Monday, June 14, 2010

I really am not sure of what to say. Rather, how to say it.

I have a lot going on in my head and it’s pretty jumbled.

Bear with me.

I appreciate the comments I get—though the content of this blog is for my children to have long after I am gone, admittedly the comments are for me and I enjoy reading them and hearing validation and support and different perspectives and ways of looking at things.

I’m sorry that some of the last post’s comments got a little heady, but I think that’s indicative of just how emotional mothers are about their feelings and their children and again, I appreciate passion and emotion.

I also just can’t say how heartwarming it is when adults realize that issues of our hearts and spirits often fuel us with strong feeling behind sentiments, and those sentiments may not always be taken the way they are meant—especially in light of them being in a written forum—and are able to extend grace to one another. Thank you, Anne and thank you Tessa—I read your stories and love your hearts and your love for your children and just can’t tell you how glad I am that you both are so cognizant of how fragile all of our hearts are.

I do want to clarify a few things—mostly because I don’t want it out in blog land or anywhere else that I don’t have sympathy for the plight of the pregnant woman anymore because my perspective has changed since Matthew died.

Don’t get me wrong, it HAS changed…. but there are some things I still maintain and did before he died.

Honestly—I’m the first to admit pregnancy is hard. I did with Matthew and have with this baby. But my reasons for pregnancy being hard were NOT because I was unhappy with what it was doing to my body (I didn’t have stretch marks, admittedly, but my skin was and still is a NIGHTMARE---I always joke about how Matthew stole my good skin—and I was glad to give it!)…My complaints during pregnancy were because of pretty intense physical discomfort—whether my back was killing me (since I am not even 5 feet tall and didn’t weigh 100 pounds and I added 50 pounds to my frame) or I couldn’t walk (because I was so swollen) or couldn’t breathe (not a lot of room for his very long body in my very short torso)…I often told John that it was hard to grow a human.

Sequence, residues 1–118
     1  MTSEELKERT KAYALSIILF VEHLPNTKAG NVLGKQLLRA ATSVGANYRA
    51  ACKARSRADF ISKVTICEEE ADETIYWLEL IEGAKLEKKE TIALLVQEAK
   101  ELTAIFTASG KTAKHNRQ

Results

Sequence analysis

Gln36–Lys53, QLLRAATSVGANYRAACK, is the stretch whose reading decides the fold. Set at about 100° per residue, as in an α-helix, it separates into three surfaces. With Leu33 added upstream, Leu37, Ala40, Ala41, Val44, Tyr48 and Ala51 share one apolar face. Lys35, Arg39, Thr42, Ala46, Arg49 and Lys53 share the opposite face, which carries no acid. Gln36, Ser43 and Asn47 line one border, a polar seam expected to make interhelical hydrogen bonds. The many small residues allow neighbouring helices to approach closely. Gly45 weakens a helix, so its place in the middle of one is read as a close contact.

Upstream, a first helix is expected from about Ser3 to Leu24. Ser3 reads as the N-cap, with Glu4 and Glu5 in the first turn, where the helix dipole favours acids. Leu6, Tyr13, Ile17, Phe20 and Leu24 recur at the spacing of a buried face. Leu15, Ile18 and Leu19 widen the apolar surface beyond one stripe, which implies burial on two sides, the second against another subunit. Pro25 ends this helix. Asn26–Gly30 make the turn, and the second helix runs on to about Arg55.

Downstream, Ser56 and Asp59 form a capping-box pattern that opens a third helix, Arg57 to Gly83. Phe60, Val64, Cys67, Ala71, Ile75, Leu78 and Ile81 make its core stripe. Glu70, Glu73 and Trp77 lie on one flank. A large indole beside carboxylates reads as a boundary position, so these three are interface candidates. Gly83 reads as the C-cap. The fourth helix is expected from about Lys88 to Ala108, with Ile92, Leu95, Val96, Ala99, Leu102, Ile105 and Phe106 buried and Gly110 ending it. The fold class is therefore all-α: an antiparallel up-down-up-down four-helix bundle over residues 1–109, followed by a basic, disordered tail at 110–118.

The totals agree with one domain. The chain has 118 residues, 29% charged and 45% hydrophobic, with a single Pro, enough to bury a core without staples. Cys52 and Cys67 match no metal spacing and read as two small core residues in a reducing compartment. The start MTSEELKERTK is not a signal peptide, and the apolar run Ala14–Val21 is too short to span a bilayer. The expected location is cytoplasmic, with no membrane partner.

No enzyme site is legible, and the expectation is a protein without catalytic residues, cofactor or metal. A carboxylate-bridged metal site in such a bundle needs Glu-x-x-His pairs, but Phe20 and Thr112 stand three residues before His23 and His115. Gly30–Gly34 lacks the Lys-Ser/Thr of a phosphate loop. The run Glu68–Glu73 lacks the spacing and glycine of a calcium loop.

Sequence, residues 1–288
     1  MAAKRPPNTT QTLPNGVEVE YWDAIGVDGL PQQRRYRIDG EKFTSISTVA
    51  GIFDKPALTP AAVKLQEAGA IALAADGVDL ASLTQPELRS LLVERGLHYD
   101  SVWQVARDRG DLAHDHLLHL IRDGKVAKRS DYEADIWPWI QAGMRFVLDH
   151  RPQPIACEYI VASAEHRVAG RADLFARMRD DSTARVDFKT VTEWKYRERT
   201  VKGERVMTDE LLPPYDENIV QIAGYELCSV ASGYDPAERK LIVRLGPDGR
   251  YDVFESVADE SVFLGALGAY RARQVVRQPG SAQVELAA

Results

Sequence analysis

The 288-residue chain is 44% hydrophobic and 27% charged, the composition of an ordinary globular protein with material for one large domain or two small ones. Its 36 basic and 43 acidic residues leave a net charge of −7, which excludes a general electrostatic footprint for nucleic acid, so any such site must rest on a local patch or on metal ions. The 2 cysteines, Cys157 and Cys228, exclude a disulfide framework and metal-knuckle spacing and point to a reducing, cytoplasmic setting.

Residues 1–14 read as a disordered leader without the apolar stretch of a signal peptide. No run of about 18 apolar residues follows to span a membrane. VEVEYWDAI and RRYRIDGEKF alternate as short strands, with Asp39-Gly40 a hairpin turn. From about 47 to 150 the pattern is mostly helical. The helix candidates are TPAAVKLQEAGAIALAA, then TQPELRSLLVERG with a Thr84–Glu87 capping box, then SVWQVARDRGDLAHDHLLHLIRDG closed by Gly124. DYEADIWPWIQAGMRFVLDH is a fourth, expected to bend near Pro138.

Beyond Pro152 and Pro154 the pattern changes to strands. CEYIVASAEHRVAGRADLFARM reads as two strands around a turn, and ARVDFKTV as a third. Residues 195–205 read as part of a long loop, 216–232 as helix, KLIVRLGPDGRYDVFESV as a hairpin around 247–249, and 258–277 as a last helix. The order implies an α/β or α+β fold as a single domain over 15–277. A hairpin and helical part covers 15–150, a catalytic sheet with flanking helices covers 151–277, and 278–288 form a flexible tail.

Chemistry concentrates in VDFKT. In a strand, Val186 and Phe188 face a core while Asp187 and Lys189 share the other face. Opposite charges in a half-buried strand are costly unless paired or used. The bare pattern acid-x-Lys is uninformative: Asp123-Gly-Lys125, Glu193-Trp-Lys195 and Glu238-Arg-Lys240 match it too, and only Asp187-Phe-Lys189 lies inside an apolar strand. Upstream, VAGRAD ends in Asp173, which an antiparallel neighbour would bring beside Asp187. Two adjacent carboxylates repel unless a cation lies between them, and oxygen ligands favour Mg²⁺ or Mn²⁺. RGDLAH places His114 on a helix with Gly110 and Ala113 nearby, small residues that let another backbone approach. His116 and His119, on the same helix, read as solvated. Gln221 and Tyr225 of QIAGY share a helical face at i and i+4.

And it is.

But NEVER did I have the nerve to complain about how Matthew was cramping my style or how his growth was making me less attractive…. I have always wanted to be a mother and spent well over 10 years attempting to be so. I had gone through all sorts of physical and emotional hell and I was just too grateful I was going to be a mother to worry about stretch marks or parties or bikinis or not being able to exercise…. and though it hurt when Matthew took that big old foot and gave me a swift kick (which he did often) I NEVER, EVER wanted him to stop kicking!!!!!

I’d worked too hard and waited too long.

So when other women who have worked hard and gone through the trials that come with infertility finally get their miracles (remember, I said it was especially IVF boards that had those complaints that bothered me!) but still moan about superficial stuff—I don’t get it.

And still don’t.

And frankly, don’t have a lot of sympathy.

Because honestly, pregnancy involves risks—whether it’s stretch marks or an empty nursery at the end of a full-term.

And if you are not willing to take what comes with pregnancy, then don’t get pregnant.

I realize there are lots of situations where pregnancy is unplanned, and in those situations, I imagine that there are some facts one has to face that probably are not easy—the realizations of sacrifices to be made for the best interest of the baby and for those who do, LORD KNOWS, I applaud those decisions. I am alive only because my mother was pro-life.

But... I can’t lie and say that I still think that many of those superficial whines and complaints ARE due to ignorance—but ignorant is the word nonetheless:

ig·no·rant (ignə rənt)


    1. Having little knowledge, education, or experience; uneducated; inexperienced